Finally, the xtender validate product has been developed. This requirements capture system allows customers to link system requirements to autopilot or ground control system (GCS) settings. It also allows the system designers to develop electronic flight-test cards linked to requirements. After flight test, the resulting data logs can be linked back into the xtender validate database and will also be automatically linked to the requirements used to define the flight-test card. This simplifies the flight-test process and allows managers to see that the system requirements have been completely exercised by flight testing.

MicroPilot integrates a number of different GPS receivers into its autopilots, including Trimble, u-blox and Novatel.

Sky Sapience HoverMast-100 uses MicroPilot autopilot. Photo: Micropilot

Sky Sapience HoverMast-100 uses MicroPilot autopilot. Photo: Micropilot

Sky Sapience in Israel has developed a unique HoverMast-100 solution for short-range, over-the-horizon reconnaissance. This UAV on a tether requires a high level of stabilization, which the MicroPilot autopilot enables. The tether allows for deployment up to a height of 50 meters within seconds, and the UAV can carry a 13-pound payload for a video camera, IR sensor, laser rangefinder, RF relay or other sensor — real-time data is transmitted to users over a wideband radio link. Armed forces in the United States, Israel and Asia are using the HoverMast-100. Commercial applications include power-line inspection, oil and gas pipelines, security, perimeter security, oil rigs, boats, agriculture, communication, sports events and disaster relief.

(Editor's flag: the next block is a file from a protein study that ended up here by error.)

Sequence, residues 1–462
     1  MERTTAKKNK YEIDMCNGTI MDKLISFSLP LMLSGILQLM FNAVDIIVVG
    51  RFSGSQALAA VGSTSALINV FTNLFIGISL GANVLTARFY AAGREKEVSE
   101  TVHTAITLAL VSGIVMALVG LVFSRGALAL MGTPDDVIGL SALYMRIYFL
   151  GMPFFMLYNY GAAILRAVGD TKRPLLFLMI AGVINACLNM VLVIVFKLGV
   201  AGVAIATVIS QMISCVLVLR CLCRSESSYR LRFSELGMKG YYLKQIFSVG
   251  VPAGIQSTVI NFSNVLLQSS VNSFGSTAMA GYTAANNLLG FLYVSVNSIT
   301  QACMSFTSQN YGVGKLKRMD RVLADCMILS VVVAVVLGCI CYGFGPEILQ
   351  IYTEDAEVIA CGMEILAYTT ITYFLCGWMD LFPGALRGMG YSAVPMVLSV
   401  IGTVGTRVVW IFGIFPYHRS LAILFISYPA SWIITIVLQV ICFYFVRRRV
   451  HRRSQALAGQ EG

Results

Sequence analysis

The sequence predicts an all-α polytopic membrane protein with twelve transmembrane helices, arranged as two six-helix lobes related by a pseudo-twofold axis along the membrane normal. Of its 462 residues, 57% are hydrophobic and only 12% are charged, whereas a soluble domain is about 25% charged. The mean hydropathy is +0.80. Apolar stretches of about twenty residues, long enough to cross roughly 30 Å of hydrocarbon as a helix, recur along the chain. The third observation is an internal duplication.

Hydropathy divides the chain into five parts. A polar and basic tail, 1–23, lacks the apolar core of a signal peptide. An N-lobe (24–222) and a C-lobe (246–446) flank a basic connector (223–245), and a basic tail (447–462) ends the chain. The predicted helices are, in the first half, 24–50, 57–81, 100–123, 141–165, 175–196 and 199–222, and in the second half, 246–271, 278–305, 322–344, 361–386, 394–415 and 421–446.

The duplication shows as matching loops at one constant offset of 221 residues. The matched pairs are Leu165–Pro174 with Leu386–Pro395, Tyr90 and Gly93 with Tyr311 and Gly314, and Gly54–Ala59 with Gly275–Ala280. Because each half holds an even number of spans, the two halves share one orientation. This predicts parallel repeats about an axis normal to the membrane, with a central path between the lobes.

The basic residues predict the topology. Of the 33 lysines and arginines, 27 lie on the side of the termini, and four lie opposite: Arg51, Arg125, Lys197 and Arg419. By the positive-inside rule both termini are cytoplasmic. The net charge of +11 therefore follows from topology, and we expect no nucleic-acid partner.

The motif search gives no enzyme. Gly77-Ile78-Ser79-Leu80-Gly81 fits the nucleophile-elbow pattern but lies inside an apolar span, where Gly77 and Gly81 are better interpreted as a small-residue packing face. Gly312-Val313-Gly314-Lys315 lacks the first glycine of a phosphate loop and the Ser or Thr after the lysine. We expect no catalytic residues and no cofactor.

MicroPilot’s customer base is worldwide, with almost 1,000 different organizations having dealt with the company over the years. The range of applications goes from researchers flying a very odd vehicle with the ailerons split into a dozen segments (each controlled separately) all the way to customers using the system for traditional intelligence, surveillance, and reconnaissance (ISR), such as Bluebird Aero Systems. There are also customers that make multi-rotors (the proS3 in Italy) for a variety of data-collection needs; customers that fly targets (Avartek of Finland); customers that fly helicopters for video filming and emergency responders (Bertin in France and Helicam Pro in Italy); and customers that use UAVs in aerostats (Top I Vision in Israel). There are also a bunch of universities doing research using UAVs, and a couple of customers flying turbine powered UAVs.

The Trimble UX5.

The Trimble UX5. Photo: Trimble

In recent related news, Trimble just got a special exemption from the FAA to allow its UX5 survey UAV to operate in the U.S., along with a bunch of common-sense limitations — the UX5 uses a MicroPilot autopilot.

So, for a significant number of UAV manufacturers and operators spread around the world, MicroPilot has become the supplier they rely on for autopilot solutions. And with the FAA now issuing what seems to be daily exemptions that allow commercial use of UAVs, it’s good to know that at least one autopilot supplier is already working towards the reliability and availability that certified applications of these vehicles will ultimately require.

Tony Murfin
GNSS Aerospace

About the Author:


Tony Murfin is managing consultant for GNSS Aerospace LLC, Florida. Murfin provides business development consulting services to companies involved in GNSS products and markets, and writes for GPS World as the OEM Professional contributing editor. Previously, Murfin worked for NovAtel Inc. in Calgary, Canada, as vice president of Business Development; for CMC Electronics in Montreal, Canada, as business development manager, product manager, software manger and software engineer; for CAE in Montreal as simulation software engineer; and for BAe in Warton, UK, as senior avionics engineer. Murfin has a B.Sc. from the University of Manchester Institute of Science and Technology in the UK, and is a UK Chartered Engineer (CEng MIET).